|an EdChange project by Paul C. Gorski|
Workshops & Training
Equity Case Studies
Equity Awareness Quizzes
Social Justice Speeches
Social Justice Songs
Social Justice Quotations
Receive Email Updates
Awards & Recognition
About Paul Gorski
Exploring Language: Definitions Activity
For this exercise, participants are asked to find definitions for prejudice, discrimination, racism, sexism, and homophobia. Definitions for each word should come from two sources: the person's existing understanding and a scholarly source.
The facilitators should divide the participants into groups of 6-10 to ensure that everyone will have ample chance to participate. Each group's facilitator will begin her or his session by having each participant share her or his definition for "prejudice". The group will proceed with the rest of the definitions attempting, if possible, to reach a consensus on one definition for each word. (Rarely will the group agree on one definition.) All definitions should be discussed. When small groups are finished, bring everyone back together for a final discussion.
(3) According to the definitions above, anyone can be racist or sexist. It is vital to bring the issue of power into the discussion. For example, a definition of racism might be "prejudice or discrimination based on race, plus the power to enforce it." In that case, in the U.S., only men can be sexist and only white people can be racist. This perspective has a major impact on people and some respond by insisting that the "other" group can be just as racist as her or his group. This response provides an important opportunity to differentiate between an individual-focused basis of "racism" (which privileges the current power structure by ignoring systemic conditions) and an institutional-focused basis.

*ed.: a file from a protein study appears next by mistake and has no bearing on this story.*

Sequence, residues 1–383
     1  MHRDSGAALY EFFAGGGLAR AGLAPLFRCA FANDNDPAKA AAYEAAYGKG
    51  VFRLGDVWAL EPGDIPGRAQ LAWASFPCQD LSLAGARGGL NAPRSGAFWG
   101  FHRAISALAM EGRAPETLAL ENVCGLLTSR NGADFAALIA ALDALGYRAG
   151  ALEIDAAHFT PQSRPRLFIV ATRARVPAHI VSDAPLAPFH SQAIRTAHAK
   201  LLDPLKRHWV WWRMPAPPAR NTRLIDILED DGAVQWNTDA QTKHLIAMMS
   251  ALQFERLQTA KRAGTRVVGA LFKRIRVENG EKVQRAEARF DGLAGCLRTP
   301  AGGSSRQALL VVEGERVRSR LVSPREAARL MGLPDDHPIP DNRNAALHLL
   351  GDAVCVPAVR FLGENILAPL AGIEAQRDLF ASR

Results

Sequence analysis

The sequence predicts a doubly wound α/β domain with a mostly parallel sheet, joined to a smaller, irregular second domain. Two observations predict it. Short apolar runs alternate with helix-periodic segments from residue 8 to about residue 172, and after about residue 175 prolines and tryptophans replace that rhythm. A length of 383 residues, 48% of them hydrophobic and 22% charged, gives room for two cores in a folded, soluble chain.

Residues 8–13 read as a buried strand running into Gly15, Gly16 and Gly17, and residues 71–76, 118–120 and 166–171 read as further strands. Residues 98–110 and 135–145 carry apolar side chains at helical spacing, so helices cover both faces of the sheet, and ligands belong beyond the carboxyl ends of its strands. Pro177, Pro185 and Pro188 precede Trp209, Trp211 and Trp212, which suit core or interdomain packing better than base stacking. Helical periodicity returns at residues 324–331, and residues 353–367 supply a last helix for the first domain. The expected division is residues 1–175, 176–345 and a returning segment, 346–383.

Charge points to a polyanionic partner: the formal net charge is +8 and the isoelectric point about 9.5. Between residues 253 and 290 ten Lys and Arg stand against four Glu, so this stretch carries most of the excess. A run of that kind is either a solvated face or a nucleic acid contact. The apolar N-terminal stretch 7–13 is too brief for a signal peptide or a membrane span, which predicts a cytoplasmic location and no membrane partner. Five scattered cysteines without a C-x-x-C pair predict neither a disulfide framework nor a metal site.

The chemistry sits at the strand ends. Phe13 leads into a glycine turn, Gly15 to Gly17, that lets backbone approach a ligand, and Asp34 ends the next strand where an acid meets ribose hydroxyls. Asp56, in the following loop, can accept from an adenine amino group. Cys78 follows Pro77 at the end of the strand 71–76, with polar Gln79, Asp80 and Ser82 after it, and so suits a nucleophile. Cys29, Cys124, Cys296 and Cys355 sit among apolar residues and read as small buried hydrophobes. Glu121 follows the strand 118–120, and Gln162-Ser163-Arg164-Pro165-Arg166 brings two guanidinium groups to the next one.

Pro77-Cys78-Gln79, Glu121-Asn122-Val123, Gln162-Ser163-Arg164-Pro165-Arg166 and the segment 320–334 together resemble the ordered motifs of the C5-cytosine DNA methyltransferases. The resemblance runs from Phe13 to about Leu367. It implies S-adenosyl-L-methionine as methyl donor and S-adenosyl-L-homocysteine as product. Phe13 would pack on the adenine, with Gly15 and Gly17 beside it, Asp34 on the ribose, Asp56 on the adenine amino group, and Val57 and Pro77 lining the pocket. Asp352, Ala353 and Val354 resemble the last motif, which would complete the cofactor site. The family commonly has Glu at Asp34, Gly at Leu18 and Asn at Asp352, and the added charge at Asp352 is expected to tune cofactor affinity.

(4) Some people might not be familiar with the term "heterosexism." Ask students to consider the "phobia" framing of the more common term, "homophobia." This can lead to other strands of discussion, such as who has power over language, the evolution of language, and so on.
(5) Spend a lot of time on power. Many participants will have a hard time understanding it. Talk about individual acts of racism, which may done by anyone, as opposed to institutional acts of racism, which involves economic, class, and social factors which all add up to power. Some groups in the U.S. do not have the political, economic, or social power to be racist on an institutional level. It is important to acknowledge that we all have personal power and how we exercise it is very important. Do we stand up for the right things? Who gets to make the rules and who do those rules benefit (this is a question of institutional power)?
(6) The major point of this activity is to get people talking about these terms and realizing that different people mean different things even though they are using the same words. How does the way we are socialized to relate to these terms inform the ways we imagine they might be solved?
(7) Mention how, when we don't know the meaning of a word, we go to the dictionary and accept its definition as truth. Challenge people to look up definitions for "black" and "white" and notice the connotations.
[ Return to the Awareness Activities Page ]